I won't lie to you, it's been a really tough couple of weeks processing this loss and failure, wondering why, and questioning what I've always believed to be a kind and benevolent Universe, not the seemingly cruel and malevolent one that somehow made itself known of late.

But is it? Malevolent, that is.

This recent failure has been personally significant. Without getting too "woo woo" on you, it does feel as if it's been carefully orchestrated, forcing me to course-correct when my ego's kung-fu grip refused to let me.

Trust me when I say, given the sheer lunacy of all these events, a logical lens went out the window in place of one that's more spiritual and philosophical: I've had a lot of big changes happen in my life over the past several years, and it was almost as if this time, my free will no longer mattered. Why? Because I guess that the path I was on with that online venture was so essentially wrong for me, and yet I was not listening.

In hindsight, in the process of building that venture I had regressed, in many ways operating from my previous definitions of success and values and ways of being that are no longer aligned with who, deep down, I know I truly am these days, at the core of my being.

Truth be told, I was not happy, nor did I feel genuinely connected to what I was doing. Yet, it had all the markings of huge success and I got caught up in that. And I guess for those reasons, the malevolent/benevolent Universe jumped into the driver's seat and unceremoniously ripped everything away to put me squarely back on the path that I was previously on (as a coach) but with a different and much bigger iteration today.

And after much painful resistance on my part, I must admit that this new path feels more aligned to the woman I have been becoming for the past several years and am today.... and yet, it scares the crap out of me -- writing about, talking about and teaching about "failure"; bringing it out from within the shadows; about writing and talking about the challenges of being at a cross-roads in life in a public way, and with a deeper level of openness and vulnerability, talking about and showing others how to bounce forward in the face of it all.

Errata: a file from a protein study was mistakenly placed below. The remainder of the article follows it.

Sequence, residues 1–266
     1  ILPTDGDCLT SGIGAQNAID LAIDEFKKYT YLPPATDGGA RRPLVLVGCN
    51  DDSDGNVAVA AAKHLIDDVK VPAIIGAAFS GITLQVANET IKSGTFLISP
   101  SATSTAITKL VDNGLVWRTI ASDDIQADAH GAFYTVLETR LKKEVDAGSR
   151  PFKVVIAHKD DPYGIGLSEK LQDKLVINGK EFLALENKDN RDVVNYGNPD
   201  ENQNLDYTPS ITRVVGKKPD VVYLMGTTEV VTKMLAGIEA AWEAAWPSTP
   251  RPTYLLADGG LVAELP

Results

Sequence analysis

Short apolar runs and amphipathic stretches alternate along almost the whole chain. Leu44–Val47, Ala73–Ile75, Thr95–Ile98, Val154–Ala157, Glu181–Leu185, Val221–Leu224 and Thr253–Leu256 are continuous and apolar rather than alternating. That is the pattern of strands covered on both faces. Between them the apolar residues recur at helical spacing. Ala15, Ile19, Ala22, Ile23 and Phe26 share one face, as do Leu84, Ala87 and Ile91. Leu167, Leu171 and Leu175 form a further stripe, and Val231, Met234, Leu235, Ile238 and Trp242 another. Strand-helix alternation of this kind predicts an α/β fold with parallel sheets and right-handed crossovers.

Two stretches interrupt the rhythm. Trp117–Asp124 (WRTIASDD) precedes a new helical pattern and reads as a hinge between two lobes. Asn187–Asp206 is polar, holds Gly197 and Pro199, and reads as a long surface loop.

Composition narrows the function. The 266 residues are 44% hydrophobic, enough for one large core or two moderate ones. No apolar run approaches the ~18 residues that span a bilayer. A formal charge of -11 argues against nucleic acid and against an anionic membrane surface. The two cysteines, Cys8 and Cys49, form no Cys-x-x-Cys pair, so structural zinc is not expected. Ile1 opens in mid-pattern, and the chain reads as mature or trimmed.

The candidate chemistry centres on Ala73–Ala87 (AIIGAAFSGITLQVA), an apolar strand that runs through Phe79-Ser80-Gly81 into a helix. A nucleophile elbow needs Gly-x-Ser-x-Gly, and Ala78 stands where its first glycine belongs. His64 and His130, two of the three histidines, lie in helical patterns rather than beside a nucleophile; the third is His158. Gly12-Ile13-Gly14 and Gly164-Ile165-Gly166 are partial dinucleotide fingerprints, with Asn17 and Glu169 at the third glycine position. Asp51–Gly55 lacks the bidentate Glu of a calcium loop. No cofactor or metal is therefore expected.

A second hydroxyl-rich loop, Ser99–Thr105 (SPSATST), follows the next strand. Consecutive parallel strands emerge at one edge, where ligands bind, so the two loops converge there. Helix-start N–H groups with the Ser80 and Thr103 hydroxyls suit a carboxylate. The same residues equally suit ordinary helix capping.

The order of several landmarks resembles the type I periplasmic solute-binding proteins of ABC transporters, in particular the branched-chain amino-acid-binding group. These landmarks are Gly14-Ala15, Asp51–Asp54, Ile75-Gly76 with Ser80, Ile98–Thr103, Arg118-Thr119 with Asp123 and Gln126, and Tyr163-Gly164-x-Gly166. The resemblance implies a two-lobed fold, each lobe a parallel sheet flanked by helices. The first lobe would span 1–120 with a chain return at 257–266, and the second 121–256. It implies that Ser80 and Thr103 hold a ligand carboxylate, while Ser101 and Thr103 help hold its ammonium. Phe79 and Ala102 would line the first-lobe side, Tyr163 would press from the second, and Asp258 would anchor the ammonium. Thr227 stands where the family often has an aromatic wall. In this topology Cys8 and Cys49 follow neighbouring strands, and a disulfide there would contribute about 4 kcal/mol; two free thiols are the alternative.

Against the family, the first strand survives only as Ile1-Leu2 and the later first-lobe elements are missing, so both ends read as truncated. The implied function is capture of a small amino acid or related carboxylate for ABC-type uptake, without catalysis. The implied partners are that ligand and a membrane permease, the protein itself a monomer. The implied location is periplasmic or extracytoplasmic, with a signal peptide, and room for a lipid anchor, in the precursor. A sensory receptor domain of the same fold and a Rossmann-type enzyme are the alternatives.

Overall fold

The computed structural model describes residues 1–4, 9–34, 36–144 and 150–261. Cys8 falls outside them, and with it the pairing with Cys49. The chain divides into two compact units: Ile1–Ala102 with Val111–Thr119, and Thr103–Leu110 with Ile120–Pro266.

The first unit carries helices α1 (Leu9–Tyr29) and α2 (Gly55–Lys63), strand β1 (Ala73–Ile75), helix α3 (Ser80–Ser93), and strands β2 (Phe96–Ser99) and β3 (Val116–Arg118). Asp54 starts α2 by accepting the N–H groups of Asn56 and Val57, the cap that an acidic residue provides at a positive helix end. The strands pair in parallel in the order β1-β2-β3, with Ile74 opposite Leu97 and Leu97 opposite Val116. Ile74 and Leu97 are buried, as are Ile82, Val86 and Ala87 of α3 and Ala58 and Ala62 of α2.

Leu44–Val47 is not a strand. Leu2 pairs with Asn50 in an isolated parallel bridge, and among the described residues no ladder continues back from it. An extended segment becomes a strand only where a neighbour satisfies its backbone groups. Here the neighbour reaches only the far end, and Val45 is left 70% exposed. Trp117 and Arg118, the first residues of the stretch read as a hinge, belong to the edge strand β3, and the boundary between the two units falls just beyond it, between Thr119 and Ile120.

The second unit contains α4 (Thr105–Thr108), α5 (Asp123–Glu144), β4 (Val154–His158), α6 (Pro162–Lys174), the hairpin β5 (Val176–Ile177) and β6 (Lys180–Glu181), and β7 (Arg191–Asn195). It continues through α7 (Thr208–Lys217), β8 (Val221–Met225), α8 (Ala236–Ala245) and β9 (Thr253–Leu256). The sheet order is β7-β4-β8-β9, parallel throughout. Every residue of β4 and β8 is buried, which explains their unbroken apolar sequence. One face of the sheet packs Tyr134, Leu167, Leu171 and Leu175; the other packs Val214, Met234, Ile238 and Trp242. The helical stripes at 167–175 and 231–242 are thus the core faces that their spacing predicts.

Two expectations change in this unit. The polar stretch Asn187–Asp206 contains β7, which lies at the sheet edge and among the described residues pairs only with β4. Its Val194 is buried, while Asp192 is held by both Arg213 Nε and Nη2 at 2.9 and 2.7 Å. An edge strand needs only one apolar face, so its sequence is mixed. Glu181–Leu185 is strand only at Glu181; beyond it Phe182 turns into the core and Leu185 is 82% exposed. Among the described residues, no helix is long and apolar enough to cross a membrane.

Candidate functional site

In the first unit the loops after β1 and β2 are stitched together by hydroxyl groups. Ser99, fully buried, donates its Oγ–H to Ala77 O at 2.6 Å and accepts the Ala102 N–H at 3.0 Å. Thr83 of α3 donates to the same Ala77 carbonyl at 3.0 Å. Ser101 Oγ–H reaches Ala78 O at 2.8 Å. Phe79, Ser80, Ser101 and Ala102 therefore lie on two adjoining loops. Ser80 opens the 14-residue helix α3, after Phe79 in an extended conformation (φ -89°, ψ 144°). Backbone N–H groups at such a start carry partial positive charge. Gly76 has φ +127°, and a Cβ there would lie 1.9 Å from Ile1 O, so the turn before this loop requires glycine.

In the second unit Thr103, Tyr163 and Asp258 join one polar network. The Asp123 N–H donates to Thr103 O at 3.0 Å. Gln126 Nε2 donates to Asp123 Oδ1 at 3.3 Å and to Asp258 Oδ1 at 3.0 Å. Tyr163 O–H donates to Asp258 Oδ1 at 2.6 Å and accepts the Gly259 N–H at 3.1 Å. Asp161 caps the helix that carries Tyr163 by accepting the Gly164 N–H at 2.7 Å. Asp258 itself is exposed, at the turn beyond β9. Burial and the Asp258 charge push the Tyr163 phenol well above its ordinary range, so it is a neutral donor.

And here are just three reasons (of many) why all of this scares the crap out of me:

1. Society tells us that it's cool and sexy to talk about success. But it's neither cool nor sexy to talk about failure, especially personal failure.

2. I am ordinarily a rather private person and talking about myself this openly is terrifying.

3. Will people look at me as if I've lost my mind if I write about this?

Then again, I think about courageous, bold and inspiring women such as Brene Brown, Cheryl Strayed, Elizabeth Gilbert and so many others who have had the balls to write about and very publicly share their own personal dances with "failure" to the benefit of so many of us.

And if the recent tragic events in Paris, as well as in Asia (with the crash of yet another airplane filled with innocent lives lost), should teach us anything it's that life is too f-ing short and precious. There are no guarantees and everything can change, and does, in the blink of an eye.

That doesn't give you or me carte blanche to live with reckless abandon or irresponsibility, but it should be a very good reason and call-to-action to listen hard to the truth of what Life and your heart is telling you (even if it's highly unpleasant). It should be a very good reason to live with intention, and to choose without regret. It's a call-to-action to fearlessly walk to the edge. To laugh. To play with abandon. To do what you really love. To truly love and appreciate those you love. And to live as if this is all that there is. Because news flash, it really is.

So, on the heels of this latest and greatest personal failure, and two weeks into a 40-something birthday, I feel moved, inspired and terrified to declare this new journey with a big, baby step, to chronicle not just my own "crazy dance" but to go in search of all the amazing yet untold stories of everyday women just like you and me, dancing their dances with adversity and failure, ready to share their voices, and figuring out ways to bounce forward in the face of it all.

I sense that this is going to be a somewhat big and scary walk through the wilderness, so I'd really love the company. And please remember to pack the right type of propane! After all, we don't want to be stuck eating "cold mush" for days! If you've watched the movie Wild, you'll know what I mean.